United States: Three Point Shot - January 2015

Antitrust Class Action Suit Threatens to Put UFC in Choke Hold

When people talk about mixed martial arts ("MMA"), it is likely within the octagonal context of the Ultimate Fighting Championship ("UFC"). UFC exploded onto the domestic sports scene over 20 years ago and has since firmly established itself as the premier MMA league in the United States with an estimated value between $2 and $4 billion. UFC's parent company, Zuffa, LLC, rakes in nearly $500 million in annual revenue through the promotion of live events, merchandising, licensing fees, sponsorships, advertising fees, video game fees, and digital media revenue streams.

One way that UFC has maintained its industry dominance is by absorbing its competitors. The MMA behemoth successfully tag-teamed its way to capturing approximately 85-90% of the total revenue derived from live elite professional MMA bouts. Unfortunately for UFC, the league's dominance has prompted several disgruntled MMA fighters to punch back.

In a complaint filed on December 16, 2014 in the United States District Court in San Jose, California, three former UFC fighters contested the legality of UFC's business practices, which allegedly contributed to the league's dominance in MMA. The plaintiffs, Jon Fitch, Nate Quarry, and Cung Le (the "Plaintiffs"), claim that UFC violated Section 2 of the Sherman Antitrust Act by using overarching anticompetitive schemes to maintain and enhance its monopoly and monopsony power in the market for live elite professional MMA fighter services. (Le, et al. v. Zuffa, No. 14-05484 (N.D. Cal. filed Dec. 16, 2014)).

The complaint identifies UFC's alleged monopoly and monopsony power – a veritable double leg takedown – as the driving forces behind fighter compensation suppression and the inappropriate expropriation of UFC fighters' identities and likenesses. According to the complaint, UFC's industry dominance enables the league to pay fighters a mere fraction of what they would make in a competitive market. The Plaintiffs claim that UFC fighters earn approximately 10-17% of the revenue generated from a bout, compared to the nearly 50% revenue earned by athletes in the four major sports leagues.

The Plaintiffs highlight UFC's exclusivity contracts with several major physical venues for their MMA bouts as additional evidence of the league's illegal monopoly power. As a result of these contracts, the Plaintiffs claim that other MMA leagues are precluded from hosting their events in these venues, which purportedly suppresses revenue and prevents growth by eliminating channels for international exposure. The Plaintiffs further claim that UFC forces prospective UFC fighters to sign contracts that bar them from working with would-be rival MMA promotion companies.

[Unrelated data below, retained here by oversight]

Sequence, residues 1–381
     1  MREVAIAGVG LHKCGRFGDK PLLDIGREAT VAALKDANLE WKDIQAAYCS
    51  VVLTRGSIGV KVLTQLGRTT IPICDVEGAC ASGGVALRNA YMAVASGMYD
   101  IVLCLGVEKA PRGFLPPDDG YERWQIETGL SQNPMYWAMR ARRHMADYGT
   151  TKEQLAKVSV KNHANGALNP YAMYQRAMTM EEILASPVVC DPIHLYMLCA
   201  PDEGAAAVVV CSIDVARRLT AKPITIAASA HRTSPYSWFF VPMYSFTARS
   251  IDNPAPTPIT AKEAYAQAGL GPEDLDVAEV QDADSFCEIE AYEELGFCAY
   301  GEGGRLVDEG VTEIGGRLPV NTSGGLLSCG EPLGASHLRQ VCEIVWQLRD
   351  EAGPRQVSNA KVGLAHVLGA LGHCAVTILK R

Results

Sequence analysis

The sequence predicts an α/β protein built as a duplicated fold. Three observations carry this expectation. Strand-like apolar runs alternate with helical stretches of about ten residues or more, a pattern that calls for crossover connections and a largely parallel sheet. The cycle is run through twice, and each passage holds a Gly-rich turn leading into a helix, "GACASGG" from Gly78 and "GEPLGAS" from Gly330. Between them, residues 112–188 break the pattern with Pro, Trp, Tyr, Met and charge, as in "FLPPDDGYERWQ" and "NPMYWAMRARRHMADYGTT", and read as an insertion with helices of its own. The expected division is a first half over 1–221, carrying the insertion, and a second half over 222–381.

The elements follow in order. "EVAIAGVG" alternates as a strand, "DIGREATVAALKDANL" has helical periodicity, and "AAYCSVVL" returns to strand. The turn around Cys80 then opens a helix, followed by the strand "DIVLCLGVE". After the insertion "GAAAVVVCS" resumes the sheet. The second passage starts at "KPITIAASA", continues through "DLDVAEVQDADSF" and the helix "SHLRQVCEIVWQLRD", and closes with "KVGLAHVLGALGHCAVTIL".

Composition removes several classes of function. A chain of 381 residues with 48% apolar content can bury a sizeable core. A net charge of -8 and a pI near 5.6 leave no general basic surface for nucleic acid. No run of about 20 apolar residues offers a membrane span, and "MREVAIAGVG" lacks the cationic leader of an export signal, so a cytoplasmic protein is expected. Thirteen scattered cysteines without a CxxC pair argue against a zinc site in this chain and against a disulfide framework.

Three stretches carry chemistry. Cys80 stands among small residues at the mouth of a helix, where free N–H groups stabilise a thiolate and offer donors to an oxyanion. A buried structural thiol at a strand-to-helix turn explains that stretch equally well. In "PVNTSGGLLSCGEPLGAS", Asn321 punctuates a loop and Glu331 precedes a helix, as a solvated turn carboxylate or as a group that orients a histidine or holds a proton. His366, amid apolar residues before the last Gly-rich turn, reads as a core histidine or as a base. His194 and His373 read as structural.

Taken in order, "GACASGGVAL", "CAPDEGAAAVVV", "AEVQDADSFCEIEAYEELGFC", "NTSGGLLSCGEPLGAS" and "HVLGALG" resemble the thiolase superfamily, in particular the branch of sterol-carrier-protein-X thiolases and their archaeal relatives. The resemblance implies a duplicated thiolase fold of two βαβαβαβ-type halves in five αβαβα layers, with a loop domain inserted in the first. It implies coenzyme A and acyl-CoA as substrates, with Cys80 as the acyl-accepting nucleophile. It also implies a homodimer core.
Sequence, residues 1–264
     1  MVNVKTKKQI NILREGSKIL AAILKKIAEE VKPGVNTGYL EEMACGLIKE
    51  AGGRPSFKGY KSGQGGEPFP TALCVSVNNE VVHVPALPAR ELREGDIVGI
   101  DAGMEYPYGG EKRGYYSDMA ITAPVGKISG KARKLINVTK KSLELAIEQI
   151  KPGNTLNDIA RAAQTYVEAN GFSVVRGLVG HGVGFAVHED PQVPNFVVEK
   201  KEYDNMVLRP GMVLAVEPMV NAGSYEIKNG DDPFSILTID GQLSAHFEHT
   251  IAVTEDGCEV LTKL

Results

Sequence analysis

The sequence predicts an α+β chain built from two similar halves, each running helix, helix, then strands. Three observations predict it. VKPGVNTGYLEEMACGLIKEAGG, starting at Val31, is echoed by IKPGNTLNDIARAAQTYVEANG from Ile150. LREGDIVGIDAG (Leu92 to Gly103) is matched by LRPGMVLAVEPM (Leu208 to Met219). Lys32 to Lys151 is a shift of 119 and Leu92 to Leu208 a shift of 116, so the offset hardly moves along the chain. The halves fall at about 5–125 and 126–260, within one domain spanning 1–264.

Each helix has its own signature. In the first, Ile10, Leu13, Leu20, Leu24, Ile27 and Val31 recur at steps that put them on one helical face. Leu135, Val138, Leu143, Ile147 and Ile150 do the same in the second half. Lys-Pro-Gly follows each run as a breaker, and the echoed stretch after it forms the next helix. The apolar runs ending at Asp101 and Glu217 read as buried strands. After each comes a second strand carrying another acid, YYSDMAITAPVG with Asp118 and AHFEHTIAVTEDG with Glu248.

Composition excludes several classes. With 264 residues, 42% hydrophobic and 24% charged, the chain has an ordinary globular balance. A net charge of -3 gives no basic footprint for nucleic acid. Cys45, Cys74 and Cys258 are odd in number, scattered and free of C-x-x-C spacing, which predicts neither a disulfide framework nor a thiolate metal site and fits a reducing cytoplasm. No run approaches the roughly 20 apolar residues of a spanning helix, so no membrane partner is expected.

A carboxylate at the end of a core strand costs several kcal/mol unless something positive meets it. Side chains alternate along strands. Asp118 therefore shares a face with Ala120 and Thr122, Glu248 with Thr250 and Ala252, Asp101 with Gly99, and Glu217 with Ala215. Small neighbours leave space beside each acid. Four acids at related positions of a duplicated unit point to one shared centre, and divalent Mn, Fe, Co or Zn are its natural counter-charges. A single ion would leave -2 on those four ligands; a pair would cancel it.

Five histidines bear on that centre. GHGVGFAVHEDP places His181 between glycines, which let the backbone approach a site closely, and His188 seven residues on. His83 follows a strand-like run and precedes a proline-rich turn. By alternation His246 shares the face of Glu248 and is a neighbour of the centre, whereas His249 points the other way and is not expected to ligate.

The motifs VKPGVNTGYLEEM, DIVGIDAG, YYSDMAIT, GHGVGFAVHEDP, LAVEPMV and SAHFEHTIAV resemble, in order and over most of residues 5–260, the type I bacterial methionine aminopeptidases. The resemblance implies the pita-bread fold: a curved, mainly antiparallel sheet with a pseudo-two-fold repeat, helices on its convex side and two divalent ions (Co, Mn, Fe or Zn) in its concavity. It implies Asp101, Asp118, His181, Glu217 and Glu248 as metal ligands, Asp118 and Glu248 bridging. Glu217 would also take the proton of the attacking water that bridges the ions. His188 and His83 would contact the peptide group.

The case against UFC might have some traction, at least in part, due to the league's social media presence. In 2012, UFC president Dana White delivered a below-the-belt blow to the industry by uploading a video of himself to YouTube holding a tombstone with the names of former MMA competitors along with their "dates of death." White refers to himself as the 'Grim Reaper' in the video, which has since been taken down. White has also made comments on Twitter and in interviews boasting about the lack of competition in MMA.

The legal battle between the Plaintiffs and UFC is only in the first round, but the stage has been set for a potentially long and brutal fight. UFC has not yet filed an answer to the complaint, but affirms that it will "vigorously defend itself and its business practices." While the Plaintiffs have been waiting for class certification for their suit, two similar lawsuits have been filed (an undercard of sorts) on behalf of four different MMA fighters.

Fighters and enthusiasts alike are sitting ringside, popcorn in hand, anxious to see how this lawsuit will affect the future of MMA. Until then, the industry eagerly awaits the judge's scorecard.

French Media Regs Leave Sports Clips on Cutting Room Floor

When it comes to sports, the U.S. touts a particular brand of American exceptionalism. After all, the United States is home to four of the top ten most popular team sports and forty out of the fifty most valuable sports franchises in the world. Yet, let's not forget that the top three most valuable sports clubs on the list are European soccer powerhouses. The Beautiful Game, the World's Game, is quite a popular sport, with legions of fans hungry (as any American sports nut) for highlights of the day's soccer matches. Indeed, in this respect, the American sports landscape is not unique at all.

Much like the U.S., sports financing for our friends across the pond has become increasingly dependent on the broadcasting rights to live content, as the exclusive rights to broadcast live sports have soared in value. This rise in sports programming licensing fees is forcing the cable and broadcasting industry into a new reality.